Australia Bike Ride – Woombah to Brunswick Heads – 78 miles

Australia Blog 13

A chap, was wandering about near my tent doing some site maintenance/gardening. When asked, he said I might see kangaroos nibbling the grass the next morning. Excited, I arose next morning, with camera poised, to hopefully find Skippy having breakfast. As you have correctly deduced, Skippy was dining elsewhere.

My tent was not completely dry but it was better than having to endure torrential downpours. I had my porridge and packed everything away. Most mornings and nights I’ll catch up with Anna via a call on WhatsApp. As always I’m anxious to get off, I have a long way to go. So I hooked up the bluetooth headphones and set off cycling and talking to her. The road I was cycling on should have been quiet given that it was Sunday. It was, relatively, but it was only a two way road, due to roadworks, and the traffic was bunched. Our conversation was fine but I don’t think she was encouraged to join me on a future expedition as she heard the roar of the trucks or pick ups as they went past. However, this passed a pleasant 6 miles for me before we were done. It still seems more than odd that I’m starting the day and she’s finishing hers.

More bush fire damage (and regeneration)

I added to my sustenance in Woodburn. The weather now was squally and a morale boosting pie seemed a good move. This chap below is a ‘breakfast pie’. So lots of eggs and bacon? Well of course but sat on top of minced beef and gravy. Australia’s culinary imagination, as always, to the fore.


Continue reading Australia Bike Ride – Woombah to Brunswick Heads – 78 miles

Australia Bike Ride – Coffs Harbour to Woombah – 88 miles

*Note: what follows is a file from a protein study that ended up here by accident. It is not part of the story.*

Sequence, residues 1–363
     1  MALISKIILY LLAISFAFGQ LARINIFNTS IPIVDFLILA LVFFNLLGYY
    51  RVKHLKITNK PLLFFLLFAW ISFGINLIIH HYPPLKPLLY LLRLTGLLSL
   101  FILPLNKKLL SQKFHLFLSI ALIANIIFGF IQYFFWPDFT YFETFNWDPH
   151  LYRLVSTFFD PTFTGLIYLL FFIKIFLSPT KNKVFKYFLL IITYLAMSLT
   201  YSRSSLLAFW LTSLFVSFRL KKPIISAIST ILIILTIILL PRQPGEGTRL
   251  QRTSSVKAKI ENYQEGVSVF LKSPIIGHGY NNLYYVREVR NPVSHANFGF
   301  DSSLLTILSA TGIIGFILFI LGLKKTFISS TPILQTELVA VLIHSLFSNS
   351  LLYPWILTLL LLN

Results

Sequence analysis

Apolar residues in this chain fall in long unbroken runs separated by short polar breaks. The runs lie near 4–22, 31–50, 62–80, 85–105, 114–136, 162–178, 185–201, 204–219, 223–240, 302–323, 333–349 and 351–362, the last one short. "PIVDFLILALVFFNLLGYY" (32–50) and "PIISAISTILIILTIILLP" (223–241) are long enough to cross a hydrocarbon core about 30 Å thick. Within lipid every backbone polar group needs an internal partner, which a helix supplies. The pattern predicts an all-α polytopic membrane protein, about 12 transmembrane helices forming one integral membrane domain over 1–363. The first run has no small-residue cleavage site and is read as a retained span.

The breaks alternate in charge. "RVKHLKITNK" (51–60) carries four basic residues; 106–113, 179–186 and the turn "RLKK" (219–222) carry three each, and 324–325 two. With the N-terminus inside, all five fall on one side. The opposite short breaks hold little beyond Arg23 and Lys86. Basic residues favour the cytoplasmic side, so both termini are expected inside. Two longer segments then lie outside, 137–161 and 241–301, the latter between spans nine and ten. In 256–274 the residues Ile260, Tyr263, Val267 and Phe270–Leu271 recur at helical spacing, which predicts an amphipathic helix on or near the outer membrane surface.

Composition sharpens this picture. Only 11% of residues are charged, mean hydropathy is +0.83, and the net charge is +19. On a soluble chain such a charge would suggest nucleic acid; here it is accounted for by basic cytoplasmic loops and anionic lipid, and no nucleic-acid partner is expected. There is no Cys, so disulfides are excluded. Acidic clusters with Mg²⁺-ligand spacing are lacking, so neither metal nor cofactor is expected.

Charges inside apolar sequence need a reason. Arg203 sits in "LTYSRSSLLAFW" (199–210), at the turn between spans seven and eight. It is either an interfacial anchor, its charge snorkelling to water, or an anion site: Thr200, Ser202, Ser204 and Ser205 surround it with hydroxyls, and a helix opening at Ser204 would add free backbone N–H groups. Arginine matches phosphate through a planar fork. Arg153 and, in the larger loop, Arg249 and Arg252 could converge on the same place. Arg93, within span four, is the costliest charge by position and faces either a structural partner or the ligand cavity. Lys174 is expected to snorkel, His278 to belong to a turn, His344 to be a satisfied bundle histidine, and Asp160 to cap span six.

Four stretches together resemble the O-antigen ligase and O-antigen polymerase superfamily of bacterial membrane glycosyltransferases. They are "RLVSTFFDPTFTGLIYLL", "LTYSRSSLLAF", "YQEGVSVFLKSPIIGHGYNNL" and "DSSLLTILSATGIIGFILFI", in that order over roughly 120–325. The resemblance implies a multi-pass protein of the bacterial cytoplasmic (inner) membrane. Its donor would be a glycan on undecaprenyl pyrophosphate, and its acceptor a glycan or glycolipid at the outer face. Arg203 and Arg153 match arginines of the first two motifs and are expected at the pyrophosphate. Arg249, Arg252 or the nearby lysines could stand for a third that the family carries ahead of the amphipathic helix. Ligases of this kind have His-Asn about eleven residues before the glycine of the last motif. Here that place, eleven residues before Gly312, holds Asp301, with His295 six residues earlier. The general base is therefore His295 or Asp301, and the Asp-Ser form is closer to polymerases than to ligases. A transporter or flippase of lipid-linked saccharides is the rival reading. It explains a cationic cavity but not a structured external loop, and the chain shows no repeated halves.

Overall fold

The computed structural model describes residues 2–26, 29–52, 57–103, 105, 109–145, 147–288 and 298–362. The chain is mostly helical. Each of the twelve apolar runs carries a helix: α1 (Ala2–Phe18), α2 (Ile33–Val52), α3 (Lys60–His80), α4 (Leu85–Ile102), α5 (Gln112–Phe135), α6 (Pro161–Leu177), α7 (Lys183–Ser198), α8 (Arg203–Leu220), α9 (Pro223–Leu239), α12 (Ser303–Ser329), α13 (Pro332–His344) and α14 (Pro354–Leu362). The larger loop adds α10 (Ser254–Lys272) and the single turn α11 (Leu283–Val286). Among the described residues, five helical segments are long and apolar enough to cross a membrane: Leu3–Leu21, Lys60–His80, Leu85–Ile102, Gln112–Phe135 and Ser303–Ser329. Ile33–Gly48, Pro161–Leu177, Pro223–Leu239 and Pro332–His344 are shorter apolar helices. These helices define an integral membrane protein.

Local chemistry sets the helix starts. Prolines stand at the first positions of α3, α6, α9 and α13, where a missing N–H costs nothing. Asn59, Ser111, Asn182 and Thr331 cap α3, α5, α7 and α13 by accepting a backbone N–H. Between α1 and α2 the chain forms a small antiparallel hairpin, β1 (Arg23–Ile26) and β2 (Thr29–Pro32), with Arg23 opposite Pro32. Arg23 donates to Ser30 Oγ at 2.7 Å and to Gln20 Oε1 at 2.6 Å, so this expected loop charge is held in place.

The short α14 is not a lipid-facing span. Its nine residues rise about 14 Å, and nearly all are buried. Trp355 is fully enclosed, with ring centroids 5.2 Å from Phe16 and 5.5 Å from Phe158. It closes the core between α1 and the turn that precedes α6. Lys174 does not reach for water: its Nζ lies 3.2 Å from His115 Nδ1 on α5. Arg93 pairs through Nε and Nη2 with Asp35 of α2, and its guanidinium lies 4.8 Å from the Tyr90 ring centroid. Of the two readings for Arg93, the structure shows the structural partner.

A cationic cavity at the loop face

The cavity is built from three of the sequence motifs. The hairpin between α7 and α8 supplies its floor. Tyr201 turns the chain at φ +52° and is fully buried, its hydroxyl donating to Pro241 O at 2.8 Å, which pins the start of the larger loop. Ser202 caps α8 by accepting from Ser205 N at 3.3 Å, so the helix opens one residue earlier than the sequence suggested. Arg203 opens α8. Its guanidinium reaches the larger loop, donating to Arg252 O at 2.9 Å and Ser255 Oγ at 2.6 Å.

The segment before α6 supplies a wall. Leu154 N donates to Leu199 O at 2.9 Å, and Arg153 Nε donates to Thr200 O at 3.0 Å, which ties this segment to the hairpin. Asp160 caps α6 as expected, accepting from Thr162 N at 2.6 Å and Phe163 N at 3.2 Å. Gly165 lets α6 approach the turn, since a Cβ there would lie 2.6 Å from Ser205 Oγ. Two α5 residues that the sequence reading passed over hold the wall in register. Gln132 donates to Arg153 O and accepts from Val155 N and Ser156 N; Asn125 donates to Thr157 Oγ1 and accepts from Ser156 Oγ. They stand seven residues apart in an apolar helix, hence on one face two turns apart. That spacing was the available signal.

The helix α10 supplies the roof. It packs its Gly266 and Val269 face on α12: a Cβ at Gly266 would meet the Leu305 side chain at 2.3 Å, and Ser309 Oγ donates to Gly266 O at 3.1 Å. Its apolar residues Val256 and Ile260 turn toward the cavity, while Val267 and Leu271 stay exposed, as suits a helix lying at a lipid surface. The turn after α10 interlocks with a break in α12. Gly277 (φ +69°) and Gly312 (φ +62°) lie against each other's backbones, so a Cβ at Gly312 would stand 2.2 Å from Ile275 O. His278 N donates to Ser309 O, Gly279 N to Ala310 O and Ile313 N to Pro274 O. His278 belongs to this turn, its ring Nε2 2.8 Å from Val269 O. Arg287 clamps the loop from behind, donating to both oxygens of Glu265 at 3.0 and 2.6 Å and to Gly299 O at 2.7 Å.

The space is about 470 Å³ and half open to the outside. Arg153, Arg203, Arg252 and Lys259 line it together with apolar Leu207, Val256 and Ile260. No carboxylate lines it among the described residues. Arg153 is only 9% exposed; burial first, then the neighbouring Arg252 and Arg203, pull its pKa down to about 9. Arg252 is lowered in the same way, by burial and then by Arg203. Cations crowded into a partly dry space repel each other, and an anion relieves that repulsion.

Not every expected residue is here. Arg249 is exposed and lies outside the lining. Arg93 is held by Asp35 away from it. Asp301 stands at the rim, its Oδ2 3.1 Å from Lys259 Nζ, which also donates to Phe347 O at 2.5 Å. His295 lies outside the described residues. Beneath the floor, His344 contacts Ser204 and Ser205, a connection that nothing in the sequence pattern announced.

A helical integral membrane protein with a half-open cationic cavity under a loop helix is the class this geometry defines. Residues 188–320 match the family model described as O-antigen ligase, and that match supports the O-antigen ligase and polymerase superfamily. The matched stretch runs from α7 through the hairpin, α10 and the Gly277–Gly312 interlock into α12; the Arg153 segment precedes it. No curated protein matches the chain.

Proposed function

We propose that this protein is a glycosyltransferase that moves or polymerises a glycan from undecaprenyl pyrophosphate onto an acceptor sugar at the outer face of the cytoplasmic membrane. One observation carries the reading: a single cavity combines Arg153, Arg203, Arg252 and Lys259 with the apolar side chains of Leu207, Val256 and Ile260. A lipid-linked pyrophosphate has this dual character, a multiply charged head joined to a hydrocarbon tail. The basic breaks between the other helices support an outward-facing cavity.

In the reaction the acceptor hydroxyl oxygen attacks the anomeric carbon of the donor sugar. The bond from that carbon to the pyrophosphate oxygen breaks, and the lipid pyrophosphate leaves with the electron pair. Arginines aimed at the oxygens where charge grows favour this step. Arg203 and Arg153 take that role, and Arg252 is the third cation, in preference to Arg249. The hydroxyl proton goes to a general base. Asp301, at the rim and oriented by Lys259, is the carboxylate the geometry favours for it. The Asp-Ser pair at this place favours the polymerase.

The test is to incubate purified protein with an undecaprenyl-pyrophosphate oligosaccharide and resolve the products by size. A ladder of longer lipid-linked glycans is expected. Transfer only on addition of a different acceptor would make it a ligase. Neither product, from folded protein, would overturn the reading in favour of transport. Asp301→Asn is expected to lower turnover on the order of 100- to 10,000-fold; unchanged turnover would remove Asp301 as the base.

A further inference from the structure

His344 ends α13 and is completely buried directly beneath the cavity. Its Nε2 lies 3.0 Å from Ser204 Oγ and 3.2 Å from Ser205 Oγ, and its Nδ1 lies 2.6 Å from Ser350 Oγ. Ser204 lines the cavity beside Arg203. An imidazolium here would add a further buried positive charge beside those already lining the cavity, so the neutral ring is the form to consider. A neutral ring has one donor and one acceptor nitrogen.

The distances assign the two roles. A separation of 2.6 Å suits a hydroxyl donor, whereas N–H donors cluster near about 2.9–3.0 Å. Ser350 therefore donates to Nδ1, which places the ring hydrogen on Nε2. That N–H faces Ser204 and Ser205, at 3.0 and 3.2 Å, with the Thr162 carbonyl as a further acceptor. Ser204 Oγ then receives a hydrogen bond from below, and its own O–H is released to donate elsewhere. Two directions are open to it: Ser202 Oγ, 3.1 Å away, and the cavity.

Australia Blog 12

Rolling out of Coffs Harbour was hard! For all the engineering delight of The Pacific Highway in making sure it was as flat over hundreds of miles I found myself spinning the granny gears to leave the town behind. Being Saturday the traffic was lighter, which was just as well as a bicycle doing 4mph up a hill with no hard shoulder with trucks is not a great combination.

However after this rude awakening the usual pattern emerged of a sunny day with a large road in front of me and my lonely place on the hard shoulder. It has to be said that there is little debris on the shoulder bar stones. Road kill has stopped and the only other comment is that the odd bits of metal are usually originating from truck bodies or the straps they use to secure their load. In this fairly easy fast rolling situation I put on my headphones and listened to another podcast. After a good start, when she took over the show, Laura Laverne on Desert Island Discs has lapsed into interviewing fairly dull ‘woke’ worthies. I think the production team who I expect find the guest and then see if they’ve got an autobiography (for research purposes) all live in London have never been further than Netflix out of the capital. The mindset of all these guests is wearily unrepresentative of the nation.

I felt virtuous because I had eaten grandly the day before and was benefitting from all this fuel intake. It works. The error is to mistake ‘good days’ when you don’t eat copiously for the norm. I seemed to cycle well when I rode across the USA but I lost one and a half stones (c10kg). When I once told another more informed cyclist he commented that I must have lost muscle mass? It made me think again. The other challenge is the loss of appetite. At home after a bike ride in winter I’ll return ravenous to empty the cupboards and fridge. Here, rather than feeling hungry, I just know I must eat.

That being said when I got to Grafton I pulled into McDonalds. In line with the Master’s instructions I just look for calories. I had large fries and a chocolate milk shake.

Tell me about it! I could never rely on one piece of information

Continue reading Australia Bike Ride – Coffs Harbour to Woombah – 88 miles

Australia Bike Ride – Nambucca Heads to Coffs Harbour 31 miles & Rest Day

Australia Blog 11

I’d left 30 miles (to go) as a brief saunter into Coffs Harbour for my day off. Some saunter! I thought I’d leave the soulless motorway and take the Old Pacific Highway. My reward for this decision was lots of climbing. It does go to show that there is only really one route around here.

One of my companions unladen and at rest beside the road. Still looks imperious and frightening though!
Attractive residential estate in Urunga
Saw this near a public loo. A very common sight throughout Australia